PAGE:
Mom Spence referred to her as 'Lydie Pinkh'm' but I had no clue then who that was. All I knew is that Mom Spence said this "tonic" was good for what ailed me, from bee stings to "female troubles." I saw the lady's face on the bottle when I was in junior high and never forgot the name.
As my experience in tatting grew, so did my lust for tatting shuttles, wood ones, plastic, metal, shell, pearl, abalone, vulcanite, bakelite, I wanted them all! My collection grew and grew. And then I discovered the "Holy Grail" of tatting shuttles, the Lydia Pinkham shuttle. The shuttle was of ivory-colored celluloid and had a pick or point on one blade. And emblazoned on the front was a portrait of 'Lydie' herself. The reverse side had an advertisement forů yes, you guessed it, Lydia E. Pinkham's Vegetable Compound. It was years and years before I found one for sale and then I passed on it as it was too expensive for my budget. But my sweet DH learned of it and purchased it for me as a birthday present. And, gosh I appreciated that shuttle so much more than that ol' vacuum cleaner I got the year before, and a whole lot more than the flannel nightgown a few years earlier. [A flannel nightgown for a wife with hot flashes? Geez.]
A prize in any collection of tatting shuttles, the Lydia Pinkham still is much desired. Lydia authored several publications and offered advertising premiums for subscriptions. The premiums were useful items, such as sewing kits, a knife, tape measures, a flower sachet, lipstick mirror, thermometer, leather medicine kit, a manicure set, and dishes, too. But Lydia had a special survey in her pubs of 1917 and 1921. For completing this questionnaire, the reader would receive a free tatting shuttle (well marked with advertising for the Vegetable Compound, of course), and instructions for its use. Upon request, a copy of Lydia's " Private Text-book upon Ailments Peculiar to Women" would be included also. (Charges of obscenity were brought because of this text and others written by Lydia in an attempt to educate women on the workings of the female body.)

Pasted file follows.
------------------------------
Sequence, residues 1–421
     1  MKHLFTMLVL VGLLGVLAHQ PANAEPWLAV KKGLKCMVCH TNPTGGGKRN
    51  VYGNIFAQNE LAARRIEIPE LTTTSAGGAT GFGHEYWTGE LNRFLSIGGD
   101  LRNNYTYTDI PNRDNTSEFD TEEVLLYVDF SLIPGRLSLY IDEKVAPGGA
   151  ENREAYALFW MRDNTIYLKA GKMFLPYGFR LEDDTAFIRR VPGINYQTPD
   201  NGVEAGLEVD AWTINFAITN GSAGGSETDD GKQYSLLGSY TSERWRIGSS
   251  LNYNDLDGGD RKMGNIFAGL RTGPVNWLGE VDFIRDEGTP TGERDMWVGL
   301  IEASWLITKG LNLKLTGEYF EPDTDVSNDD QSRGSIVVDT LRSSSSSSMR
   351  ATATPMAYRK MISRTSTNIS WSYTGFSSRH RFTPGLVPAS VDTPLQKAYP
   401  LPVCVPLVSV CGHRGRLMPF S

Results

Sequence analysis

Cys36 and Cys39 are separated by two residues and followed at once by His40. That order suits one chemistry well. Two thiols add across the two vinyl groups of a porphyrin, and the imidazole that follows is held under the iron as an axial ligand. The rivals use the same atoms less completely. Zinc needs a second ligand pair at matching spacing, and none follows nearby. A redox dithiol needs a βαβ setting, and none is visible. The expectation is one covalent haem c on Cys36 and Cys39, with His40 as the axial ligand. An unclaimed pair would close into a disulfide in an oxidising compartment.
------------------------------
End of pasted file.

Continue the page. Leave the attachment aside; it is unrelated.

This shuttle is still so highly prized among colllectors that in recent years forgeries have been increasing. Close examination of the face of Lydia herself will determine authenticity. A real Pinkham shuttle will show a realistic photo, the forgery shows an image composed of dots (think pixels) For an example please visit the website of Daniel Rusch-Fischer, http://www.tribbler.com/tatman/pinkham-forgery.html
Here is an example of a real Lydia Pinkham shuttle from the collection of Deborah Smiddy.
For more details please consult: Tatting Shutttles of American Collectors , Heidi Nakayama 2002 pg 66-67 on Lydia Pinkham.
And see another Pinkham shuttle and the tatting of Wahneta Dunn at:
Lydia Estes Pinkham, 1819-1883, developed an herbal tonic which she gave to family and friends as an remedy for female troubles. Her entire family became involved in the production of the product starting in 1875. Soon Lydia's tonic was being mass produced. It continued in production as was until the Food and Drug Administration required that the percent of alcohol in the "remedy" be reduced to 10%. And, it is still available today. http://www.lydiapinkham.com/